For the purposes of the bankruptcy means test, child support payments are treated as income. For some bankruptcy debtors, the treatment of child support payments as income will push them over the maximum income threshold required to file Chapter 7 bankruptcy . If this happens, the bankruptcy debtor will need to repay some of their debts in Chapter 13 bankruptcy . So how should a debtor maneuver if they are receiving child support payments and want to file bankruptcy? Below are a few tips:
Back Child Support Payments
If a debtor is owed back child support payments, they may want to wait until after they file bankruptcy to seek payment. Because the bankruptcy means test examines the six months of income preceding the bankruptcy filing, receiving a lump sum child support payment can skew the numbers. If back child support payments are made after the debtor's discharge they are not part of the bankruptcy estate. However, if a debtor has already begun the process for receiving back child support before filing bankruptcy, they need to report to the bankruptcy court that there is a possibility they will receive additional payments. Failure to report possible future child support payments could serve as grounds for dismissal of the case. Be sure to disclose all information to your bankruptcy attorney.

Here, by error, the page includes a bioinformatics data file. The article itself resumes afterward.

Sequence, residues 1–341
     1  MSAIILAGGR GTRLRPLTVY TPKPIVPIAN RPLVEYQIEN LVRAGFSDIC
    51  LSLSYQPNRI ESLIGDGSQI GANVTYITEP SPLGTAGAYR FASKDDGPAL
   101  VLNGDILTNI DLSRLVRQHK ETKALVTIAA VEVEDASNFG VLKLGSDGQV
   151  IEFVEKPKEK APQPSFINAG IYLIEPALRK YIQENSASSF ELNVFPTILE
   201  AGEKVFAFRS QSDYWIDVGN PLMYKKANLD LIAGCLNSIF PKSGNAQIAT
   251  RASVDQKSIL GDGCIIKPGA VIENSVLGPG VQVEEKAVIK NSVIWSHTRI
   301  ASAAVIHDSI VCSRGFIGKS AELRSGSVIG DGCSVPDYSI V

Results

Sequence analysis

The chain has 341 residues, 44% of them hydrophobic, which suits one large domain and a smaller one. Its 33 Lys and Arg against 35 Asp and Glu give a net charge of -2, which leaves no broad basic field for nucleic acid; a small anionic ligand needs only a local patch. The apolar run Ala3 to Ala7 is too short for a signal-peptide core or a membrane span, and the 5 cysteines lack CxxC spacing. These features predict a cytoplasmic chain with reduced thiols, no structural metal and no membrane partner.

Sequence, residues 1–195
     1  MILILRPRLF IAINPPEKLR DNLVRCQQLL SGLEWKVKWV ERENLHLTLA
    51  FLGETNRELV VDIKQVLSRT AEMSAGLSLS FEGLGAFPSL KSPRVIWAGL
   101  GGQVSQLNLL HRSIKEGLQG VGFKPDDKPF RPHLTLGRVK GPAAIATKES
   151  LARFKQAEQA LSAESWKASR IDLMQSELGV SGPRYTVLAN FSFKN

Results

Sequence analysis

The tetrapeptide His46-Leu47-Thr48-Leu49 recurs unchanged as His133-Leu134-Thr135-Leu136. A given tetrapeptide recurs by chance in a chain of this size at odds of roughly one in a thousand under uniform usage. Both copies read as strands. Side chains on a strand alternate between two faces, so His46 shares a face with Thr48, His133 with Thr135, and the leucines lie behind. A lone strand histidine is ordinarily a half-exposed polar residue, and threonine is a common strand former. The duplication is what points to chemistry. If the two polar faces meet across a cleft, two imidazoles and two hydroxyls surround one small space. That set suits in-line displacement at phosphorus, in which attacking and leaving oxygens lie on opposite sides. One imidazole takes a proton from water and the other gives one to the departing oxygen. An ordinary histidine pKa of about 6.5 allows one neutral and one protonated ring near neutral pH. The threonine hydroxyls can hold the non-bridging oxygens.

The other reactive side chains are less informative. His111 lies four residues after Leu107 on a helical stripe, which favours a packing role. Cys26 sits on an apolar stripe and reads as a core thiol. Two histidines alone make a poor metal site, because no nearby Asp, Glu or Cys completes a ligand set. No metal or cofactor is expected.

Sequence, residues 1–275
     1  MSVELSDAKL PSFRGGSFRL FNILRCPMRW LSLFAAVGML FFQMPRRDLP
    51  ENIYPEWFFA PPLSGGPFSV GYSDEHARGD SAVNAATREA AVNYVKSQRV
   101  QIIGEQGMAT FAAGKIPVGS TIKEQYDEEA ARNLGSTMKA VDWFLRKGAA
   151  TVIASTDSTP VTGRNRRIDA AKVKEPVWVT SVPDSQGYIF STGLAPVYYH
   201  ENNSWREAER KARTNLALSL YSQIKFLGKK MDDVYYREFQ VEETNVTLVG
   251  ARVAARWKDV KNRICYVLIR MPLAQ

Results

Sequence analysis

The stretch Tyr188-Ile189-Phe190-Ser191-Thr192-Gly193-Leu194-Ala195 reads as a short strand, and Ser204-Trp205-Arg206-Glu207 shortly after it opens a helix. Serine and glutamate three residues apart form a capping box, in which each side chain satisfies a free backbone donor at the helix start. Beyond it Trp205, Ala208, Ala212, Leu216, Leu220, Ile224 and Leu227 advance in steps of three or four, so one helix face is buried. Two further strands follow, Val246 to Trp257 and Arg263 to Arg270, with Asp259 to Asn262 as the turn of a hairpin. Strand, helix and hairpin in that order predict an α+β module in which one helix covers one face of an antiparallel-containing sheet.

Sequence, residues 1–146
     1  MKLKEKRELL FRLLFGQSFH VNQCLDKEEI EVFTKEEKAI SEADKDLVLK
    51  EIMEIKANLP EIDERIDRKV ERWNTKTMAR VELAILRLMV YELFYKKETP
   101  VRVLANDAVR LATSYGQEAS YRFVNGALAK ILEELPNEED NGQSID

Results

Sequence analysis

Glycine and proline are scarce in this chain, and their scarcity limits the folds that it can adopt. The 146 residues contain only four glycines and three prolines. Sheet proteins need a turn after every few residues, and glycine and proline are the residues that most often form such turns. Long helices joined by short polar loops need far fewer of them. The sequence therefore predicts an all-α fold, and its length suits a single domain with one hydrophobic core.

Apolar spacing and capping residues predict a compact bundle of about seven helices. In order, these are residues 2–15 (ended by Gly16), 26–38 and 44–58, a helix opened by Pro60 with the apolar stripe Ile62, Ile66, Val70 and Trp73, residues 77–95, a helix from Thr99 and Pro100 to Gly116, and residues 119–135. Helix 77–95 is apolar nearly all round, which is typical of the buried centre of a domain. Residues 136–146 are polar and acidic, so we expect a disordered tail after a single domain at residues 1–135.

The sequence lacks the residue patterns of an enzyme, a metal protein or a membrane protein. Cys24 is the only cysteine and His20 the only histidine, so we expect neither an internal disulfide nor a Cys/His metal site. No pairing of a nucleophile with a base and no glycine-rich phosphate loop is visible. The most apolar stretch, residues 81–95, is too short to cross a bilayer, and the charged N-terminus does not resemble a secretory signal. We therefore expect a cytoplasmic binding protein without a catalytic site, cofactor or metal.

Even if a debtor is forced to file Chapter 13 bankruptcy, child support payments cannot be used to calculate monthly payments. Also, child support payments are exempt from creditor seizure. This means that the Chapter 13 or Chapter 7 bankruptcy debtor is free to use their child support payments to support themselves and dependents.
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